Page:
Read Blind by Rachel DeWoskin Online


When Emma Sasha Silver loses her eyesight in a nightmare accident, she must relearn everything from walking across the street to recognizing her own sisters to imagining colors. One of seven children, Emma used to be the invisible kid, but now it seems everyone is watching her. And just as she's about to start high school and try to recover her friendships and former life,When Emma Sasha Silver loses her eyesight in a nightmare accident, she must relearn everything from walking across the street to recognizing her own sisters to imagining colors. One of seven children, Emma used to be the invisible kid, but now it seems everyone is watching her. And just as she's about to start high school and try to recover her friendships and former life, one of her classmates is found dead in an apparent suicide. Fifteen and blind, Emma has to untangle what happened and why - in order to see for herself what makes life worth living.Unflinching in its portrayal of Emma's darkest days, yet full of hope and humor, Rachel DeWoskin's brilliant Blind is one of those rare books that utterly absorbs the listener into the life and experience of another....

Title : Blind
Author :
Rating :
ISBN : 9780670785223
Format Type : Hardcover
Number of Pages : 394 Pages
Status : Available For Download
Last checked : 21 Minutes ago!

Blind Reviews

  • Y. C.
    2019-03-24 01:23

    I received this book from the First Reads program. Thank you Penguin Canada. The novel takes place a year after Emma lost her sight, just as she's starting grade 10 in her old high school. It chronicles Emma's journey as she deals with the obstacles coming her way. The major problem is that there are too many things happening at once, too many events the book introduces that don't get resolved properly. For instance, Claire's suicide, Logan's crush on Zach, Emma's crush on Seb (All her crushes actually.), her newfound friendship with Annabelle. The length is already 416 pages (although my copy was 394 and the font was giant) which is fairly long for a stand-alone, and yet it is still lacking a strong focus on a core issue. Blind could use some sever cutting down. Too many subplots and side stories here coupled with tedious explanations in matter- of-fact sentences can make this a boring read.Second problem: All minor characters sound the same. Amanda, Zach, Dee, Dima... This is especially evident if you look at each gender separately. They also sound really stupid and all seem unable to form a coherent thought without using the word "like", "um" or other space fillers. Teenagers don't all sound the same.What I did like is how DeWoskin portrayed Emma as a normal 15 year old girl growing up after suffering from trauma and re-learning her entire world. DeWoskin didn't make her out to be a hero, or put her on a pedestal, or make her perfect. No, she made Emma angry, upset, betrayed, or happy at her small accomplishments. I also liked how DeWoskin very slowly over the course of the novel moved Emma's problems steaming from her being blind, to her being a teenager. It's a subtle transition, and in the end Emma doesn't despair at her predicament but looks at it as another everyday obstacle to overcome. Blind is clearly well-researched and thoughtful, but it does have a few issues that need to be tweaked.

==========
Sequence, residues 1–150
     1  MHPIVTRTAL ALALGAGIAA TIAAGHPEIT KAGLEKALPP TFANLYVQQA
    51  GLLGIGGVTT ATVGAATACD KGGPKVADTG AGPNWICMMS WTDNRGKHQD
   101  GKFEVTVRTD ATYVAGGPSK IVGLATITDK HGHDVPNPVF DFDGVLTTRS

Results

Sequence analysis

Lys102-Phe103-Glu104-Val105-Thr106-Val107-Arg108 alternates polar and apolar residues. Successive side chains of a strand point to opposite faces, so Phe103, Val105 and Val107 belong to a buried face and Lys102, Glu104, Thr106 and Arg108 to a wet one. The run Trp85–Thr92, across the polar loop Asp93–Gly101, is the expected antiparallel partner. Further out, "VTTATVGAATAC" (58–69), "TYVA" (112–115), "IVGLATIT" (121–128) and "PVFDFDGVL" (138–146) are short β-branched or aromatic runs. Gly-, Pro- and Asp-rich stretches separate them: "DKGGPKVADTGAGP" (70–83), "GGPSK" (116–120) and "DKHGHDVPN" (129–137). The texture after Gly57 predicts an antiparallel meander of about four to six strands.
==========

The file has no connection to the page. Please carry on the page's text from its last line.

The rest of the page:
• Shelly
    2019-04-07 18:13

    This review was originally posted on Read.Sleep.Repeat.When I first heard about Blind, I wanted to read it immediately. I haven’t actually read a book with a blind protagonist, and I was looking forward to read in a new perspective.So you don’t understand how happy I am that this one did not disappoint! I really loved it, and I think Blind is just a beautiful novel.The book centres around Emma Silver, a fifteen year old girl who lost her sight in a freak accident. Before the accident, she used to feel invisible in her large family but now, it seems like she can’t stop being seen. Even though it’s been a year, Emma still struggles to recover from her accident, and finally start feeling normal.I honestly loved Blind and Emma’s character development was amazing. This book is a little long (400+ pages) but I think it was totally necessary. The writing style was amazing and very descriptive, it’s really clear that the author did her research.The synopsis sounds a little murder-mystery but it definitely is not a mystery, it’s just Emma and her friends learning to cope with their friend’s death.Overall, I recommend Blind to people looking for a diverse and interesting novel. I would recommend it for people looking to find a novel with large character-growth, as this long novel definitely features plenty of character growth.